Wednesday, May 4, 2011

The Handprint

(Laurie) The girls were so excited! We were finally going to paint their room. We were doing our own episode of the "complete room makeover." All the furniture was moved away from the walls and the plastic drop cloth was in place. Of course I was going to be a "good" mom and let my three children--ages three, six, and eight--help.

I began with the oldest. Alec did pretty well keeping the most of the paint on the wall. Only a little got on his elbow when he accidentally bumped the wet paint. Next came the six-year-old. Tripping over the drop cloth as she entered the room, Abby caught herself between the wall and dresser. She already had paint down one side of her body, and she hadn't even begun painting.

Frustrated by her clumsiness, I scolded, "Be careful, honey! You are going to get paint everywhere!" Apologizing, she stood at attention, waiting for her orders. Providing her with specific instructions, I handed over the paint roller.

She was a little surprised that it was more challenging than she'd anticipated. However, she was determined; she rolled most of the paint out of the roller. As she refilled her roller with paint, it seemed to have a leak at one end. It dripped down the roller, missing the paint pan (of course), and fell on the drop cloth.

She looked up at me with an "oops" look on her face. With little patience, I responded, "Don't step in it or you'll track it all over the house!" She finally finished her section of the wall, and now it was the three-year old daughter's turn. (What was I thinking?) I wiped my brow and sighed with exasperation. I tried my best to put on a "happy face" as my littlest bounced toward the room. She had been waiting patiently for "her turn."

As she walked in the door, she leaned in one direction to step around the furniture. As she did, she put her hand on the wall to brace herself. Immediately she removed her hand and looked at me with a stunned expression. "Avery, honey," I said, "you can't touch the wall. Remember, it's wet." I looked around for something to clean her hand, but found nothing. I pulled at my shirt. "Here, wipe your hands on this" I said. She apologized profusely as she excitedly approached the painting pan. I handed her the paint roller, and she did her best to get most of the paint on the wall.

She was doing great until she got off balance and leaned into the wall. Again, she forgot and caught herself with her hand. Suddenly I felt all the patience drain from my body. I had none left. I raised my voice impatiently: "Avery, don't touch the wall!"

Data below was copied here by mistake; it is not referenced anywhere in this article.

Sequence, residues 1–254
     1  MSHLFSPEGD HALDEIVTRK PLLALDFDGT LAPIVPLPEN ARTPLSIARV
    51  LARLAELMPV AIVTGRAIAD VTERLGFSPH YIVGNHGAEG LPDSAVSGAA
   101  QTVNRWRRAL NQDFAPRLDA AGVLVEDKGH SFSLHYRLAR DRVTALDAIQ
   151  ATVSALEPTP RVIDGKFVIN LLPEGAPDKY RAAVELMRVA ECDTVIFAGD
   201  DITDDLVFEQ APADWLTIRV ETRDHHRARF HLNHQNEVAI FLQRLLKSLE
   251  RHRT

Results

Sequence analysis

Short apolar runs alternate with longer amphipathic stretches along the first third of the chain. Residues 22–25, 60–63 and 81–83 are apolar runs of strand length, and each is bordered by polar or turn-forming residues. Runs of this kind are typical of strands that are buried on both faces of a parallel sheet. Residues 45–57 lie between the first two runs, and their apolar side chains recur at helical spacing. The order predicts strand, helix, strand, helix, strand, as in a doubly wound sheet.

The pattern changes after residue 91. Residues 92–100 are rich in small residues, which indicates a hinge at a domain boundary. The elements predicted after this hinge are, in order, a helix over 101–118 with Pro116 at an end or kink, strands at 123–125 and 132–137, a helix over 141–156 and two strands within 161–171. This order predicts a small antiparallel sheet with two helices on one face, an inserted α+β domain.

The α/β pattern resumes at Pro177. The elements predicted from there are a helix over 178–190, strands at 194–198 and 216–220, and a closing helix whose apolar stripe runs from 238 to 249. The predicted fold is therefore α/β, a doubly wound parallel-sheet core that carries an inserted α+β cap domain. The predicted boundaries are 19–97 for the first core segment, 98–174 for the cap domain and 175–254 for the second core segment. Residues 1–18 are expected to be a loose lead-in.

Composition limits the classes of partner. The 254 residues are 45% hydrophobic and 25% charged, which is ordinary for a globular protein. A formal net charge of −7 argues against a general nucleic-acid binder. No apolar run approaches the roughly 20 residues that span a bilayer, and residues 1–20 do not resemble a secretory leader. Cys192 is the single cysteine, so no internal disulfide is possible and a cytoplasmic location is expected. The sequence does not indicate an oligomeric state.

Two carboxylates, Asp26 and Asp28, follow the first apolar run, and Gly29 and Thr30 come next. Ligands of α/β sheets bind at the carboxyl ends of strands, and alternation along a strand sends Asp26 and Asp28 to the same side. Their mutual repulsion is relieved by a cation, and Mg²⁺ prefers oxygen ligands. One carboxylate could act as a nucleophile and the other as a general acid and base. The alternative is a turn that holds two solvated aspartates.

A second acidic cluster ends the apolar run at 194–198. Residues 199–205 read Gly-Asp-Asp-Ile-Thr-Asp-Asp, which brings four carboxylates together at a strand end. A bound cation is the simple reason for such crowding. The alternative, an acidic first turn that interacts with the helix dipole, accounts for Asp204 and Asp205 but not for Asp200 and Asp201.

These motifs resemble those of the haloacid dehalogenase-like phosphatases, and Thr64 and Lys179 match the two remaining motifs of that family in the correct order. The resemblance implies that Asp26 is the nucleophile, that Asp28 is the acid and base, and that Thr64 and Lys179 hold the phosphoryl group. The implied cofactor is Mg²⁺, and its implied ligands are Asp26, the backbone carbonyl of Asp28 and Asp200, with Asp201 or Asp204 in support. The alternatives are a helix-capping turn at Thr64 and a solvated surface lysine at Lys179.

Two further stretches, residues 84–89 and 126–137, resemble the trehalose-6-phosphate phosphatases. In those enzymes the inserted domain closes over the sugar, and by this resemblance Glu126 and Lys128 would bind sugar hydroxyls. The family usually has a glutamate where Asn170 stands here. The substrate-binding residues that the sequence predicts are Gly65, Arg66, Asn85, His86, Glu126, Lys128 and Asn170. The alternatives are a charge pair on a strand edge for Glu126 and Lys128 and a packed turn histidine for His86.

Disappointed in herself, she looked up at me with her big blue eyes and said, "I'm sorry, Mommy. I didn't mean to." I told her it was okay, and she wiped her hand on my shirt once again. I convinced her that Mommy could finish the rest.

Several days after finishing the project, I was unloading the dryer. As I began folding the clothes, I pulled my old paint shirt from the pile. I was shocked when I saw it. There on the front of my shirt was a perfect little green handprint. Tears welled up in my eyes as I gazed at it. You see, I had been so worried about getting the job done "right" that I had forgotten to focus on what was important--enjoying the journey with my precious children.

Now, every time I see that shirt, I am thankful that Avery fell into the paint that day. If she hadn't, I wouldn't have such a vivid reminder of how precious life is!

Lord, help me to remember that being a parent is a privilege, not a punishment. Please don't let the weight of my daily responsibilities rob me of my sense of wonder. Remind me that the children You have placed in my care are as individually unique as their handprints. I thank You, Lord, for each of my children, and I am grateful that You've given them to me. Amen.

Mother's Day idea for the grandmothers: use your kids' handprints on the gift so that it has a personal touch only they can give.

from Laurie and Sharon's book Hold You, Mommy.

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